If you’re growing baby lettuce for a loose-leaf lettuce mix, the plant spacing will be different. This lettuce can be planted closer together since it will be harvested as baby greens.
Loose leaf lettuce is generally grown from seed rather than seedlings, due to its close spacing. This means you’ll be looking at the seed spacing rather than the spacing of transplants.
When you’re growing baby lettuce, you have some flexibility in the seed spacing. That means you don’t have to spend lots of time getting your spacing just right.
With this said, you’ll want to aim for between four to six seeds per inch in row.
If you plant seeds closer together, you risk poor airflow and disease. And if you plant seeds further apart, you’ll be left with a small harvest.
Oftentimes, you’ll plant multiple rows of baby lettuce close to each other. If this is the case, space rows four to six inches apart.
Hydroponic Lettuce Spacing
If you’re growing hydroponically, you can use similar spacing as you would with lettuce planted in soil.
This means providing 12 to 14 inches between larger lettuce types and 8 to 10 inches for smaller varieties.
Spacing Lettuce Seeds for Transplants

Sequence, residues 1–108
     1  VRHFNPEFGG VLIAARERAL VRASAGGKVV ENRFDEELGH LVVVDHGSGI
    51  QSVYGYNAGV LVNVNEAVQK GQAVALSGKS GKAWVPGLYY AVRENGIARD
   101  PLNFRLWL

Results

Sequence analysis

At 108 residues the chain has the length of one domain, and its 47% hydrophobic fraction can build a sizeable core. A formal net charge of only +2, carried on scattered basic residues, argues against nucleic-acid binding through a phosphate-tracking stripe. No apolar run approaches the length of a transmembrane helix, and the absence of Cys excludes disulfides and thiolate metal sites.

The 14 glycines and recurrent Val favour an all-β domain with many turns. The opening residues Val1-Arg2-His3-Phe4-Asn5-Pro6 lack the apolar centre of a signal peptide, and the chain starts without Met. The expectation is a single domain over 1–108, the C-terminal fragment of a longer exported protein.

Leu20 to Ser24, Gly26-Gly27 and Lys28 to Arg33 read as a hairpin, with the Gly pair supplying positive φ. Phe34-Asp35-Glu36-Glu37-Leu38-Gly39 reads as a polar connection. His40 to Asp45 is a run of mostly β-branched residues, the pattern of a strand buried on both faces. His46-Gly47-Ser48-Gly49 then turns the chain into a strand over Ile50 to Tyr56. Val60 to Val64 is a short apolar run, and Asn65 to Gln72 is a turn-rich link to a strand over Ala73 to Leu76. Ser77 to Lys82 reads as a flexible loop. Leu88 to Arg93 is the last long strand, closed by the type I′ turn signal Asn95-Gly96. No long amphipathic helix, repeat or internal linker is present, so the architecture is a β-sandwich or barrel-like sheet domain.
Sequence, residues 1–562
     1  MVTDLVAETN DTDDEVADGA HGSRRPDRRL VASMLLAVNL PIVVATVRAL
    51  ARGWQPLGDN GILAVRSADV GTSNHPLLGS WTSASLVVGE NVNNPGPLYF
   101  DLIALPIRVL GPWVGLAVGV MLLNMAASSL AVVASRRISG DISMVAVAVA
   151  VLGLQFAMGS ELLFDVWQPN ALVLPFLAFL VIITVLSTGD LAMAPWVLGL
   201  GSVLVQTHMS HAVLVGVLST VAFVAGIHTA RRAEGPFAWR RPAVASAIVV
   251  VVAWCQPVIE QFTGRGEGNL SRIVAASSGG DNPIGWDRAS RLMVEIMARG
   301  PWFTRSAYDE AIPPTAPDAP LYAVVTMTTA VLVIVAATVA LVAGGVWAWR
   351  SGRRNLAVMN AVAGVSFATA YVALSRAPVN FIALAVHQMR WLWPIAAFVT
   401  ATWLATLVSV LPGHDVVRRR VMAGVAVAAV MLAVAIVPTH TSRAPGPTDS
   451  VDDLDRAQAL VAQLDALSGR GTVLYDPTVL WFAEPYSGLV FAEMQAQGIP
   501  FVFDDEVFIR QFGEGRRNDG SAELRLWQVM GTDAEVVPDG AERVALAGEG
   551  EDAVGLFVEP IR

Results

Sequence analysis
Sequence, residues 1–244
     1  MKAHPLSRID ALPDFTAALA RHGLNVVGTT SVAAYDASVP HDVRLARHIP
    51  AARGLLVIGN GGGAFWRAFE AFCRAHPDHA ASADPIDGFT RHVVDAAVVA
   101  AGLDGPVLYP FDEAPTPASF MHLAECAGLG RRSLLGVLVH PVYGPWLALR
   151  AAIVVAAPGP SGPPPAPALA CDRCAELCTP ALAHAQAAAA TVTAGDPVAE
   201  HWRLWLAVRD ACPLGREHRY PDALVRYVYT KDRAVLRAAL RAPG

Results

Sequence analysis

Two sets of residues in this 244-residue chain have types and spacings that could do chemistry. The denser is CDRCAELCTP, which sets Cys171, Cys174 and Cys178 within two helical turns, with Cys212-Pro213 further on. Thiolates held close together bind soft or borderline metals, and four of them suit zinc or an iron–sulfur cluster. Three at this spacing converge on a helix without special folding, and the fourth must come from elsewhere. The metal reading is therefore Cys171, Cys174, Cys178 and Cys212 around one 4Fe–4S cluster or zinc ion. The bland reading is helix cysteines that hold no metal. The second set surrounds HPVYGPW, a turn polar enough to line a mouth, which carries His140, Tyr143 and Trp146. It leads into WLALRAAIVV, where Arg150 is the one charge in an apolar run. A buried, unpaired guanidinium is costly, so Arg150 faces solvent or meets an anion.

If you’re growing your own lettuce transplants, proper seed spacing is also important.
Planting seeds too close together can lead to weak and leggy plants. Additionally, a lack of space between plants can create disease issues.
However, planting seeds too far apart means you won’t be maximizing your space.
If you’re planting seeds in an open tray of potting soil, space seeds two inches apart. This will give them room to grow until they are large enough to transplant.
Alternatively, you can plant lettuce seeds closer together and then thin them out once they germinate. This is an especially good option if you’re not sure about the quality of your seed.
If you are growing lettuce seeds in cell trays or individual cups, you can plant one or two seeds per cell. If multiple seeds germinate, cut out a seedling so only one remains.
Plant Your Lettuce with Confidence
Now that you know how far apart to plant lettuce, it’s time to plan your garden! Remember that different varieties require different spacings, and mature lettuce heads will require more space than baby lettuce.